At this point, we should start a new R Project. To get started, let us simulate some data and then train a model on it. In this case we are interested in forecasting how long a baby may sleep overnight, given we know how long they slept during their afternoon nap.

library(tidyverse)
set.seed(853)

number_of_observations <- 1000

baby_sleep <- 
  tibble(afternoon_nap_length = rnorm(number_of_observations, 120, 5) |> abs(),
         noise = rnorm(number_of_observations, 0, 120),
         night_sleep_length = afternoon_nap_length * 4 + noise,
         )

baby_sleep |> 
  ggplot(aes(x = afternoon_nap_length, y = night_sleep_length)) +
  geom_point(alpha = 0.5) +
  labs(x = "Baby's afternoon nap length (minutes)",
       y = "Baby's overnight sleep length (minutes)") +
  theme_classic()

Let us now use tidymodels to quickly make a dodgy model.

set.seed(853)
library(tidymodels)

baby_sleep_split <- rsample::initial_split(baby_sleep, prop = 0.80)
baby_sleep_train <- rsample::training(baby_sleep_split)
baby_sleep_test <- rsample::testing(baby_sleep_split)

model <- 
  parsnip::linear_reg() |>
  parsnip::set_engine(engine = "lm") |> 
  parsnip::fit(night_sleep_length ~ afternoon_nap_length, 
               data = baby_sleep_train
               )

write_rds(x = model, file = "baby_sleep.rds")

At this point, we have a model. One difference from what you might be used to is that we have saved the model as an ‘.rds’ file. We are going to read that in.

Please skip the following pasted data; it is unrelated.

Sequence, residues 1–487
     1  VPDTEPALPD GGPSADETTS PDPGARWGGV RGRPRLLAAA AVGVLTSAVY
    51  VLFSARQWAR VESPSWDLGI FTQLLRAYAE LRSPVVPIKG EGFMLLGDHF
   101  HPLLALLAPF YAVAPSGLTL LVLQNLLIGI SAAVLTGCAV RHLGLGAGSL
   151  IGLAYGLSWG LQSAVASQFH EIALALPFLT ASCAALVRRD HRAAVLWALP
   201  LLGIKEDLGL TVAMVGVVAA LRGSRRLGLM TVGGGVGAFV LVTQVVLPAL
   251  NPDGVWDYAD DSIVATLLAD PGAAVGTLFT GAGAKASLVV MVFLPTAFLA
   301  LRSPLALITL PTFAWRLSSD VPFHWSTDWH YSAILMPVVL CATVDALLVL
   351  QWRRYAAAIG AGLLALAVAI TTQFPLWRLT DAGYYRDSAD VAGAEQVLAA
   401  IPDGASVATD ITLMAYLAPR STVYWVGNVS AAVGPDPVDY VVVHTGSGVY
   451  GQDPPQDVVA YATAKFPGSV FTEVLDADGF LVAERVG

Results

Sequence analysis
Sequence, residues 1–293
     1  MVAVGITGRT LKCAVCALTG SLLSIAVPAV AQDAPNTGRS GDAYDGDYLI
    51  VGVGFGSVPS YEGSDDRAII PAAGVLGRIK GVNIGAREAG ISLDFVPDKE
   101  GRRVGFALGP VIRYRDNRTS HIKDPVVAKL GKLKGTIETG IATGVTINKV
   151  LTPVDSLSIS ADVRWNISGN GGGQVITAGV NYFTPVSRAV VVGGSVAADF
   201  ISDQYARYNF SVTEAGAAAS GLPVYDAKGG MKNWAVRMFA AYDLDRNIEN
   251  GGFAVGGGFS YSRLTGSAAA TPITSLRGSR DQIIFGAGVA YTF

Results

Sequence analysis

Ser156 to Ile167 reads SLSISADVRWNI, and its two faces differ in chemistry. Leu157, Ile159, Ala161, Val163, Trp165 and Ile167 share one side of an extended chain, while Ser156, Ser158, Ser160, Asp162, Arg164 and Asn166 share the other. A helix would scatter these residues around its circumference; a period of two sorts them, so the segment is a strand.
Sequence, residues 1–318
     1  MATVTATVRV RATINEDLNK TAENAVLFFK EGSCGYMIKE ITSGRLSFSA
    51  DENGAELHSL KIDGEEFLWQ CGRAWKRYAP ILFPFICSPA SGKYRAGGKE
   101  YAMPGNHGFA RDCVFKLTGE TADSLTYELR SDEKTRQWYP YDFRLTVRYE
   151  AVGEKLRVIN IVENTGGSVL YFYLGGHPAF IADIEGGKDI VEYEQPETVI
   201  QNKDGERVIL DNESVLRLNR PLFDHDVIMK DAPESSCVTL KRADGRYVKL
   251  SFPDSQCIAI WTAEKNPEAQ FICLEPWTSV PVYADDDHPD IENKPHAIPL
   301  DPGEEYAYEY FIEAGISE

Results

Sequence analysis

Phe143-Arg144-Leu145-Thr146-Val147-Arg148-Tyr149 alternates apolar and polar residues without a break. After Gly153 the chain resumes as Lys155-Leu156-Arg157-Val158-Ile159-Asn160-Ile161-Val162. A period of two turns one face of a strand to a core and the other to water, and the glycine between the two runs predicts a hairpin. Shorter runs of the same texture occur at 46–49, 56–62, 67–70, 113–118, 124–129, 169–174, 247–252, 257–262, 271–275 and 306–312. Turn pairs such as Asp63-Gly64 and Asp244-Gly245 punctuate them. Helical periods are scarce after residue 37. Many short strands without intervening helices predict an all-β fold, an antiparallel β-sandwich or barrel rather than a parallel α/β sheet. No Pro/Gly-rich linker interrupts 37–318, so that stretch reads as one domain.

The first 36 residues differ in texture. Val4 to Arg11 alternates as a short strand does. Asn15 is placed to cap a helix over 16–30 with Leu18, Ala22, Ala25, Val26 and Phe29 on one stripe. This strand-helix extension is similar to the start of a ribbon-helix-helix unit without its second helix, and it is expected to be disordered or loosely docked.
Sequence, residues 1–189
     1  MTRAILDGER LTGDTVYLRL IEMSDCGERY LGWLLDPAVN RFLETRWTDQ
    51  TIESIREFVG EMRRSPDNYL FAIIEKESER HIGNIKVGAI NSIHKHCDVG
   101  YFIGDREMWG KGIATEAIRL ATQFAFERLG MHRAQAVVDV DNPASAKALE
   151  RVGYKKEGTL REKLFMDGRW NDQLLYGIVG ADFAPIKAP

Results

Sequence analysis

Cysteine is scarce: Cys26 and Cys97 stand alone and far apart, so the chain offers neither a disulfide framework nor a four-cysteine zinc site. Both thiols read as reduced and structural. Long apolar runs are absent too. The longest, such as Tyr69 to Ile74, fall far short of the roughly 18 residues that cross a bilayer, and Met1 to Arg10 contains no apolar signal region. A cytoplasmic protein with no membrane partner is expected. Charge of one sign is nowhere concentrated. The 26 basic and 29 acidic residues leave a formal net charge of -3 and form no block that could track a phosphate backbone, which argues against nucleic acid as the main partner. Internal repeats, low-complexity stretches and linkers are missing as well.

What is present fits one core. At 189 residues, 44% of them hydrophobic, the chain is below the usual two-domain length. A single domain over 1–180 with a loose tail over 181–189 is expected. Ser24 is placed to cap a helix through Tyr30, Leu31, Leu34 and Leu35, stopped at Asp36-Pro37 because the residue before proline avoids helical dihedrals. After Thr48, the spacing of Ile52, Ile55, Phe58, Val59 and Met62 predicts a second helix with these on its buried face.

Now that we have our model we want to put that into a file that we will use the API to access, again called ‘plumber.R’. And we also want a file that sets up the API, called ‘server.R’. So make an R script called ‘server.R’ and add the following content:

library(plumber)

serve_model <- plumb("plumber.R")
serve_model$run(port = 8000)

Then in ‘plumber.R’ add the following content:

library(plumber)
library(tidyverse)

model <- readRDS("baby_sleep.rds")

version_number <- "0.0.1"

variables <- 
  list(
    afternoon_nap_length = "A value in minutes, likely between 0 and 240.",
    night_sleep_length = "A forecast, in minutes, likely between 0 and 1000."
  )

#* @param afternoon_nap_length
#* @get /survival
predict_sleep <- function(afternoon_nap_length=0) {
  afternoon_nap_length = as.integer(afternoon_nap_length)
  
  payload <- data.frame(afternoon_nap_length=afternoon_nap_length)
  
  prediction <- predict(model, payload)

  result <- list(
    input = list(payload),
    response = list("estimated_night_sleep" = prediction),
    status = 200,
    model_version = version_number)

  return(result)
}

Again, after we save the ‘plumber.R’ file we should have an option to ‘Run API’. Click that and you can try out the API locally in the same way as before.

18.3.2 Cloud model